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Bones and All

By Jason Delgado | December 14, 2022

Kathryn Bigelow’s 1987 Near Dark is a little gem of a vampire flick that I’d venture to say not nearly enough people have seen. Director Luca Guadagnino’s Bones and All, with a screenplay by David Kajganich, based on a novel of the same name by Camille DeAngelis, has some similarities. They both take place in the 1980s, but more importantly, they’re about characters who are undergoing a major transformation that makes them feel isolated in the “normal” world. That’s when they meet some new guiding characters who take them under their wing to show what their new supernatural way of living is all about.

Bones and All follows eighteen-year-old Maren (Taylor Russell), who seems like a typical teenage girl at first. But then, at a sleepover, during a moment of silence after a friendly conversation, she shockingly bites off another girl’s finger without warning. Maren books it all the way home, covered in blood, where her dad (André Holland) calmly tells her they have three minutes to pack and flee before the police arrive. He’s clearly been through this scenario with her before. Shortly after, her father decides it’s best to leave her alone without saying goodbye. He only leaves a tape recording with his memories and thoughts on her life up until now.

Maren listens to her father’s recording throughout the film, trying to glean any wisdom she can from it. It seems to bring her some comfort in a world where she’s suddenly all alone. Maren then undertakes a road trip to find her mother, who she’s never known. On this quest, she comes across an unusual man named Sully (Mark Rylance). Sully says he can smell her from far away, and Maren discovers they’re the same. They both are flesh-eaters. He’s willing to take her under his wing, even though he warns her that it’s not safe to be around their kind. They eat a dying old lady together, but Maren gets creeped out, so she takes off.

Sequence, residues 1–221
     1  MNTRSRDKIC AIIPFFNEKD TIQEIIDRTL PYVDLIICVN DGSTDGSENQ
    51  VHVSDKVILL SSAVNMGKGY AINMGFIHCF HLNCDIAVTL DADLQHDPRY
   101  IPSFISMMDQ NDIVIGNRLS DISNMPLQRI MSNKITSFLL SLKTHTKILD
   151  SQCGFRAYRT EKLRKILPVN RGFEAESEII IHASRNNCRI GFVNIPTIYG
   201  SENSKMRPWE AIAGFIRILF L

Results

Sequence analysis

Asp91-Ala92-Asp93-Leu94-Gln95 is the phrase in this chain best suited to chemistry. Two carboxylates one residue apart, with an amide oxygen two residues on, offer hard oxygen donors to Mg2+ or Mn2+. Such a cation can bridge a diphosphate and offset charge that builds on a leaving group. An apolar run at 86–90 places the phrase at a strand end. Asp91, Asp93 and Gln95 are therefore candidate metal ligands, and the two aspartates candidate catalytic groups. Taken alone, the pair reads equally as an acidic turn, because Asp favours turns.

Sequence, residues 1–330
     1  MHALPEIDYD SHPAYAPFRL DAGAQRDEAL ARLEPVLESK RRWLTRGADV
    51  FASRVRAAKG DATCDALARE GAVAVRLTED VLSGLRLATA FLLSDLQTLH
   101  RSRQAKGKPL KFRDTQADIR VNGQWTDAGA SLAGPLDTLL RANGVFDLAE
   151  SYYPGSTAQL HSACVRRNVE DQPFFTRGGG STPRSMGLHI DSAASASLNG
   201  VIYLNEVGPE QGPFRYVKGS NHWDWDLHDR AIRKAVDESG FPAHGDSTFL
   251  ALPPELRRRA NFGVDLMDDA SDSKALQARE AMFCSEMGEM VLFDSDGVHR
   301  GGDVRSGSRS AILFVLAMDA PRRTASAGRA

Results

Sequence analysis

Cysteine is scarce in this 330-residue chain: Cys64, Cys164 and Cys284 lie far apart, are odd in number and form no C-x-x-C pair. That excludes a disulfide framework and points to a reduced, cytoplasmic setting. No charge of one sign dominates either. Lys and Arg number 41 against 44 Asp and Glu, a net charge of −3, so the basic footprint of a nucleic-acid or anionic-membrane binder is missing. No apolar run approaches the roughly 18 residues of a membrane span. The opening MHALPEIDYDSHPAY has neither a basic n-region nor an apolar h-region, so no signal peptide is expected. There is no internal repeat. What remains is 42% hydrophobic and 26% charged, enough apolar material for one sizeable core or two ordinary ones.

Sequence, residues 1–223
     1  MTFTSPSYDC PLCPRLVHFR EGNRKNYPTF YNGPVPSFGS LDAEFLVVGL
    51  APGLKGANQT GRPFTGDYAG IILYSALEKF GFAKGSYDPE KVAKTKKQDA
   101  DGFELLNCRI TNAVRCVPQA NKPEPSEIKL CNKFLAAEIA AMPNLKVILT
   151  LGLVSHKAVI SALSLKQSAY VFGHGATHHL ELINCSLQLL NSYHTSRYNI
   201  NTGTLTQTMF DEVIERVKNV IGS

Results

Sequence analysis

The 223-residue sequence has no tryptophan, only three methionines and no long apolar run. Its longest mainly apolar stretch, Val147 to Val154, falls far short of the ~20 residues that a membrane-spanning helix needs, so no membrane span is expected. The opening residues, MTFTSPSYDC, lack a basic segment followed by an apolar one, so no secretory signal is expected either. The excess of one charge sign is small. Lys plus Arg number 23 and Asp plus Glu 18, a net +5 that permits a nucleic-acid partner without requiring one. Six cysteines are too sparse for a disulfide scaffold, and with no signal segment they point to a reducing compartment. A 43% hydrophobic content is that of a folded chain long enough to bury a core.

“…flesh-eaters…embark on a romantic and beautiful thousand-mile journey across the heartland of America in order to find Maren’s mother.”

Maren isn’t alone for too long though, because she comes across a drifter named Lee (Timothée Chalamet). He’s an eater, one who she quickly connects with due to his feistiness and twisted sense of justice. They then embark on a romantic and beautiful thousand-mile journey across the heartland of America in order to find Maren’s mother.

The cinematography by Arseni Khachaturan is absolutely stunning throughout Bones and All. The “O’ beautiful for spacious skies, for amber waves of grain” looks quite majestic while Lee and Maren trek through the rural United States. The score by Trent Reznor and Atticus Ross is simple, subtle, and hauntingly good.

The cast of Bones and All is phenomenal, with every actor playing their role to perfection. Loneliness and the longing for companionship emanates from the screen from the magnificent flesh-eating trio of Russell, Chalamet, and Rylance. Each of them brings their unique and highly effective styles to their roles. The story moves along a bit slowly at times, but the superb acting carries the movie to a compelling place regardless.

The shame-filled vagabond and lonely nature of flesh-eating portrayed in Bones and All is a thinly veiled allegory for addiction. Lee and Maren are the new Sid and Nancy, with another complicated love story for the ages.

Bones and All (2022)

Directed: Luca Guadagnino

Written: David Kajganich

Starring: Taylor Russell, Timothée Chalamet, Mark Rylance, André Holland, Chloë Sevigny, David Gordon Green, etc.

Movie score: 8/10

Bones and All Image

"…the superb acting carries the movie..."

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